material – e.g., soft music or dialogue immediately followed by a rapid-fire, strident commercial”).
11 See 47 U.S.C. § 621 (2010). See also 47 U.S.C. § 609 (2010).
12 Id. § 621(a).
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(1) Effective Date. The Federal Communications Commission
shall prescribe that the regulation adopted pursuant to subsection
(a) shall become effective 1 year after the date of its adoption.[13]
(2) Waiver. For any television broadcast station, cable operator,
or other multichannel video programming distributor that
demonstrates that obtaining the equipment to comply with the
regulation adopted pursuant to subsection (a) would result in
financial hardship, the Federal Communications Commission
may grant a waiver of the effective date set forth in paragraph (1)
for 1 year and may renew such waiver for 1 additional year.[14]
(3) Waiver Authority. Nothing in this section affects the
Commission’s authority under section 1.3 of its rules (47 C.F.R.
1.3) to waive any rule required by this Act, or the application of
any such rule, for good cause shown to a television broadcast
station, cable operator, or other multichannel video programming
distributor, or to a class of such stations, operators, or
distributors.[15]
(c) Compliance. Any broadcast television operator, cable operator, or
other multichannel video programming distributor that installs, utilizes,
and maintains in a commercially reasonable manner the equipment and
associated software in compliance with the regulations issued by the
Federal Communications Commission in accordance with subsection (a)
shall be deemed to be in compliance with such regulations.[16]
(d) Definitions. For purposes of this section—
(1) the term “television broadcast station” has the meaning given
such term in section 325 of the Communications Act of 1934 (47
U.S.C. 325);[17] and
(2) the terms “cable operator” and “multi-channel video programming
distributor” have the meanings given such terms in section 602 of
Communications Act of 1934 (47 U.S.C. 522).[18]


13 Id. § 621(b)(1).
14 Id. § 621(b)(2).
15 Id. § 621(b)(3).
16 Id. § 621(c).
17 Id. § 621(d)(1). Section 325 of the Communications Act defines the term “television broadcast station” as “an
over-the-air commercial or non-commercial television broadcast station licensed by the Commission under subpart
E of part 73 of title 47, Code of Federal Regulations, except that such term does not include a low-power or
translator television station.” 47 U.S.C. § 325(b)(7)(B).
18 Id. § 621(d)(2). Section 602 of Communications Act defines the term “cable operator” as “any person or group of
persons (A) who provides cable service over a cable system and directly or through one or more affiliates owns a
significant interest in such cable system, or (B) who otherwise controls or is responsible for, through any
arrangement, the management and operation of such a cable system.” 47 U.S.C. § 522(5). Section 602 of
Communications Act defines the term “multichannel video programming distributor” as “a person such as, but not
limited to, a cable operator, a multichannel multipoint distribution service, a direct broadcast satellite service, or a
(continued….)
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3.
The Commission has not regulated the “loudness” of commercials in the past, primarily
because of the difficulty of crafting effective rules due to both “the subjective nature” of loudness and the
technical limitations of the NTSC standard used in analog television.19 The Commission has incorporated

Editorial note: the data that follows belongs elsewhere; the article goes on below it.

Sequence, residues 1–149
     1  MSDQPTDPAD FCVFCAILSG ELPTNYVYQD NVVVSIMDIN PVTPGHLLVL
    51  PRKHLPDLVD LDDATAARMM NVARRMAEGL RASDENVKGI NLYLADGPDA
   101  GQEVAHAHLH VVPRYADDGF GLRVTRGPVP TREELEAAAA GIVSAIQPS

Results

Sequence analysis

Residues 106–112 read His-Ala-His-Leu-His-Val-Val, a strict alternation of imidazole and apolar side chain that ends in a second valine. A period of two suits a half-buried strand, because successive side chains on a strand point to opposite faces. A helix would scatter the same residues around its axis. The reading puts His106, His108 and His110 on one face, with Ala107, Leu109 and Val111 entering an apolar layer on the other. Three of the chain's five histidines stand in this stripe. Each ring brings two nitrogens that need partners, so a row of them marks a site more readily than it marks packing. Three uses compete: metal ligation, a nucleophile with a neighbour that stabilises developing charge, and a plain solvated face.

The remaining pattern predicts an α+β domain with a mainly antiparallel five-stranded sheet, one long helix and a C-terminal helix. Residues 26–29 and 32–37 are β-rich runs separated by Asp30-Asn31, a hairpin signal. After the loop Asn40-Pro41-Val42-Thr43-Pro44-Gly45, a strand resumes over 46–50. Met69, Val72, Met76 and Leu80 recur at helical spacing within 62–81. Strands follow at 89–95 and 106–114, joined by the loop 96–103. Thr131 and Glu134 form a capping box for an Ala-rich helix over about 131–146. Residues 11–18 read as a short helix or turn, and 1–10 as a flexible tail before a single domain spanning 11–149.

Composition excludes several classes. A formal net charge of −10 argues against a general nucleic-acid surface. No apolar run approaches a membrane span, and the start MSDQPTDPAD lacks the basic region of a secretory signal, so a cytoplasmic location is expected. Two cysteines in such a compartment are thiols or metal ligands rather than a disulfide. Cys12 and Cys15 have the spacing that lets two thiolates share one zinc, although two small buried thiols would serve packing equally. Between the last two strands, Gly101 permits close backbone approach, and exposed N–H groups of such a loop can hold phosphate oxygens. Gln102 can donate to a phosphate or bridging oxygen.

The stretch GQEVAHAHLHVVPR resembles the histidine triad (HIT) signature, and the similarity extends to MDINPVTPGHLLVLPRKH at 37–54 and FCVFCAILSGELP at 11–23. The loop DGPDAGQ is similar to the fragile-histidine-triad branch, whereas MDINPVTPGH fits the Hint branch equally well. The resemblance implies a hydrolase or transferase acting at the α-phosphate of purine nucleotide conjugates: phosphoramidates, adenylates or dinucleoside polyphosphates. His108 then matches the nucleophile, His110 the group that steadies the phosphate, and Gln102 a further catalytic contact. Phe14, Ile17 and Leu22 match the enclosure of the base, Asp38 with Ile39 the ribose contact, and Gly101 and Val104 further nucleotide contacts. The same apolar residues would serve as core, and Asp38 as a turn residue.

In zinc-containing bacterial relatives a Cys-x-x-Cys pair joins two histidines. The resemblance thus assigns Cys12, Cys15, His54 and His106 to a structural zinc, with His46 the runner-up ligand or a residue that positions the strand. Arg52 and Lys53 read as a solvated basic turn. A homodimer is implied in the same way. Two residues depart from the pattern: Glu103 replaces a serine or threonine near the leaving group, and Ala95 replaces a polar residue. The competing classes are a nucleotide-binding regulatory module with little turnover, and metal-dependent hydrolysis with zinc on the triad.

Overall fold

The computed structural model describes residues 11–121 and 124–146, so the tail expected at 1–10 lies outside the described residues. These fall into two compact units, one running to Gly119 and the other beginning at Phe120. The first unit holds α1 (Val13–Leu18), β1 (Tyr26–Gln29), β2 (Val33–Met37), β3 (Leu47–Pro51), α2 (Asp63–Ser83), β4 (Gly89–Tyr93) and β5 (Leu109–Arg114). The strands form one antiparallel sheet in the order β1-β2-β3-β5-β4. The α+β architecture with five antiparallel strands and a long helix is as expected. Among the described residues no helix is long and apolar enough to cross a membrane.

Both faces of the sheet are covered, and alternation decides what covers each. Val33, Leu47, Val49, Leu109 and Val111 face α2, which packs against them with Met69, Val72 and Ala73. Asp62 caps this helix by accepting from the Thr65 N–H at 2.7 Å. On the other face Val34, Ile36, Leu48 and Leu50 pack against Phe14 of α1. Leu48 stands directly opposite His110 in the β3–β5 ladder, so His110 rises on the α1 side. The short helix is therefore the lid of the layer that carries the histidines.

by reference into its rules various industry standards on digital television, but these standards alone have
not described a consistent method for industry to measure and control audio loudness.20 The loud
commercial problem seems to have been exacerbated by the transition to digital television, perhaps
because DTV’s expanded aural dynamic range allows for greater variations in loudness for cinema-like


(...continued from previous page)
television receive-only satellite program distributor, who makes available for purchase, by subscribers or customers,
multiple channels of video programming.” 47 U.S.C. § 522(13).
19 1984 Order at para. 14. In 1965, the Commission issued a policy statement, stating that broadcast licensees “have
an affirmative obligation to see that objectionably loud commercials are not broadcast” and must make a “good faith
effort” to “prevent the presentation of commercials which are too loud.” See 1965 Policy Statement, 1 FCC 2d at
paras. 16-17 (1965); republished in Public Notice, “Objectionably Loud Commercials,” 54 FCC 2d 1214 (1975). As
noted by H&E’s comments, the Commission has imposed forfeitures for airing objectionably loud commercials. See
H&E Comments at 1-2. However, in 1984, the Commission terminated a proceeding initiated in 1979 that
considered whether to adopt rules to eliminate loud commercials, finding that new regulations were not warranted
because of the advent of new technology, such as the mute button on remote controls, and noting the difficulty in
crafting effective rules “due to the subjective nature of many of the factors that contribute to loudness.” See 1984
Order
at para. 14. See also Amendment to Part 73 of the Commission’s Rules and Regulations to Eliminate
Objectionable Loudness of Commercial Announcements and Commercial Continuity over AM, FM and Television
Broadcast Stations
, BC Docket No. 79-168, Notice of Inquiry, 72 FCC 2d 677 (1979) (“1979 NOI”). The NTSC
analog television system uses conventional audio dynamic range processing at various stages of the signal path to
manage audio loudness for broadcasts, a practice which compensates for limitations in the dynamic range of analog
equipment. However, this practice modifies the characteristics of the original sound, altering it from what the
program provider intended. See RP § 1.1.
20 47 C.F.R. § 73.682(d) incorporates by reference and requires compliance with most of the ATSC A/53 Digital